More than 95 percent of children in South Africa have access to the Internet regularly, but their risky online behavior can expose them to online violence, exploitation and abuse, according to a UNICEF report. The study further reveals that children who have been sexually exploited online prefer not to share their experiences or trauma about the incident, which in-turn can have a devastating long-term impact on their mental health and emotional wellbeing. Children and their caregivers urgently need more information and support regarding online safety, with only 41 per cent of children surveyed having received any information on online safety.
There is growing recognition that children in sub-Saharan Africa are vulnerable to HIV-transmission through sexual abuse and exploitation including child rape, early coitus, and ‘sugar daddies’. Any child, irrespective of social status, race, gender or ethnicity is can be a victim of online sexual exploitation and abuse. However, children who lost their primary caregivers to HIV, especially those from child-headed homes are more vulnerable to online sexual exploitation and abuse by adult groomers and sugar daddies.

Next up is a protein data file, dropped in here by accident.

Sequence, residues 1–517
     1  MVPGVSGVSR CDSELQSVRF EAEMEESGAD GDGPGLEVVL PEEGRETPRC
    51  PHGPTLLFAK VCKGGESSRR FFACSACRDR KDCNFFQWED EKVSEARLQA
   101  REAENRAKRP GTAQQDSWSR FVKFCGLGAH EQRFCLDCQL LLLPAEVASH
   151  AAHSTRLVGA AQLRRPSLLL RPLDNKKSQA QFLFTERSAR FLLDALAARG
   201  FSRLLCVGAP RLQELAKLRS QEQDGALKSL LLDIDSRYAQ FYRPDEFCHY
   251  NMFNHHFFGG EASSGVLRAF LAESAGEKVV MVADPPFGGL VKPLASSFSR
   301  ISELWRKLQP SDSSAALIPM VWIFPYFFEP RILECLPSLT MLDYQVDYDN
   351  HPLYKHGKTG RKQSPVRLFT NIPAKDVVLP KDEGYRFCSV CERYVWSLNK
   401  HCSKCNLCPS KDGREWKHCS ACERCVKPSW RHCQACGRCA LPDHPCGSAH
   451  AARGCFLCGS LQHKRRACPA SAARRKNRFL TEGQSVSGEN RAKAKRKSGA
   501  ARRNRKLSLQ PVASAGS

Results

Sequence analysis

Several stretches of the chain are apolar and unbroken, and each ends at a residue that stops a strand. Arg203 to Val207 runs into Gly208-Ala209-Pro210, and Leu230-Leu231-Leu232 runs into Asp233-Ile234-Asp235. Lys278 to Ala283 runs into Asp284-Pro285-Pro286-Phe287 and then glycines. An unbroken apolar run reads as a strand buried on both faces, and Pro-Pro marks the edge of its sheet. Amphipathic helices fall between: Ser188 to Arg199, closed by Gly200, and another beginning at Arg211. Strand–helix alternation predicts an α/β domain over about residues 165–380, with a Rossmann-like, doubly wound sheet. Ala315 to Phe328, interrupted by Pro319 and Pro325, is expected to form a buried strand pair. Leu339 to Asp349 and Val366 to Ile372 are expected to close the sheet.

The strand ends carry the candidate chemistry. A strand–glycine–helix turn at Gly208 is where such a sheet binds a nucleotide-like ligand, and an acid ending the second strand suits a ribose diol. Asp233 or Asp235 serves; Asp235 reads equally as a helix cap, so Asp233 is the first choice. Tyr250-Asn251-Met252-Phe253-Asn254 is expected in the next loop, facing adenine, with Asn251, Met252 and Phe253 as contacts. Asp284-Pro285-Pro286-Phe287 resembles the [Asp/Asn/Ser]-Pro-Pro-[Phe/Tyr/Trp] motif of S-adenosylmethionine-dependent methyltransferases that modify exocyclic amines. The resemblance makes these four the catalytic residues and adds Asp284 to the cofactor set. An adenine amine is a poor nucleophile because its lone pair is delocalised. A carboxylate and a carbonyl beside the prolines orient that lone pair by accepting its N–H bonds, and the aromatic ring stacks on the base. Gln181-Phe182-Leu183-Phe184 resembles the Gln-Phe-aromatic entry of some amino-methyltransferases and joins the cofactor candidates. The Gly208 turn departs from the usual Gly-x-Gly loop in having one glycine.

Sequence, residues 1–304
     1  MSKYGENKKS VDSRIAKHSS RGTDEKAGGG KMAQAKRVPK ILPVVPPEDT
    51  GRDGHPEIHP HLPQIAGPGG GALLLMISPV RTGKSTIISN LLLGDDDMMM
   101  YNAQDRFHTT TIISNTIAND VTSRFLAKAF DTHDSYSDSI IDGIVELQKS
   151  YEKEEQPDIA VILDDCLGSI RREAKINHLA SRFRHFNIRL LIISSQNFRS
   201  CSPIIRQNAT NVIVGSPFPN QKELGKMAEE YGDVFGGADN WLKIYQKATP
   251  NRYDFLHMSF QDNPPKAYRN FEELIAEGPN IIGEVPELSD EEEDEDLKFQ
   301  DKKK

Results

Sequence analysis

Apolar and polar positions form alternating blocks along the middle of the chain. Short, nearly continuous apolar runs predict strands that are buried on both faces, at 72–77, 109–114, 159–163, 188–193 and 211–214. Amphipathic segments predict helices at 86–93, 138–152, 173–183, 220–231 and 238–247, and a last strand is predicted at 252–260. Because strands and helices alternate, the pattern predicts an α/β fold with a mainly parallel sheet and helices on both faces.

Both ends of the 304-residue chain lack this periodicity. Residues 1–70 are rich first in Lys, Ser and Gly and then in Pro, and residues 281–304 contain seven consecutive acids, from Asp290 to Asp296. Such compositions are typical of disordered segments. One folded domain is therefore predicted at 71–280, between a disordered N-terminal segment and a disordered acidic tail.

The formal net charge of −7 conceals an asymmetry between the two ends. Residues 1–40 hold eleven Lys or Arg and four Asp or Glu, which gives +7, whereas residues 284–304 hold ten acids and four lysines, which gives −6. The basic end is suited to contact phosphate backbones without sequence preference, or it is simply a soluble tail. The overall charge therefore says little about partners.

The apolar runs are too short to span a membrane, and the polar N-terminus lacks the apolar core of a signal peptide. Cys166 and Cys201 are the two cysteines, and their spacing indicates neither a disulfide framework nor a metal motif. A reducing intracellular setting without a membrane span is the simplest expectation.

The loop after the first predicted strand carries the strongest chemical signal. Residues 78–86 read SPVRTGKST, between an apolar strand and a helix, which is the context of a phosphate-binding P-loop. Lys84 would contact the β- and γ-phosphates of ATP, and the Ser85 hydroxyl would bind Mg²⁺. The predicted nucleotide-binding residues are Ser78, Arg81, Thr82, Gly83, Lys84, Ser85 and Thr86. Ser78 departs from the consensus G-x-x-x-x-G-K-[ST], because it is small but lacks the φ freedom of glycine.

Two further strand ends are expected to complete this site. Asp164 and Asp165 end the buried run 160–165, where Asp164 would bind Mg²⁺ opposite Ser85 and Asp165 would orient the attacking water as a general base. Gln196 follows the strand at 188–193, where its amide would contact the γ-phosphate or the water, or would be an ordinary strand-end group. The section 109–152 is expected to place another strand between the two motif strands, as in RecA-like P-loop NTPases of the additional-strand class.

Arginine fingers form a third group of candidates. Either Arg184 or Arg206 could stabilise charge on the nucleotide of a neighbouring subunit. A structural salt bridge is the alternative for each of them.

In creating opportunities for historically disadvantaged groups to be part of the tech economy, GLLI also recognizes the need to protect vulnerable children from the dibilitating consequences of being exposed to the worldwide web. This is why GLLI created the SurfSMART project.
SurfSMART is a culturally inclusive internet safety education program that empowers vulnerable students, especially those impacted by HIV/AIDS and their ecosystem (teachers, parents, and guardians) to protect themselves against online sexual exploitation, sexual abuse, grooming and cyber-bullying. The curriculum which is designed by GLLI is delivered through workshops and student-driven school clubs by trained Learner Support Agents (LSA). LSAs are school-based volunteers employed by the Department of Education to provide support to students.
In 2021, in partnership with Google’s African Online Safety Fund, and Mthatha District Department of Education, GLLI piloted this SurfSMART in 15 schools in the OR Tambo District in the Eastern Cape, with 4100 students, 512 parents, and 108 teachers in 2021.
We are currently in the process of raising funds to scale SurfSMART to many more schools in the province where the demand is very high. We hope to relaunch the project in June.
Global Leading Light Initiatives 2020
© GLLI 2020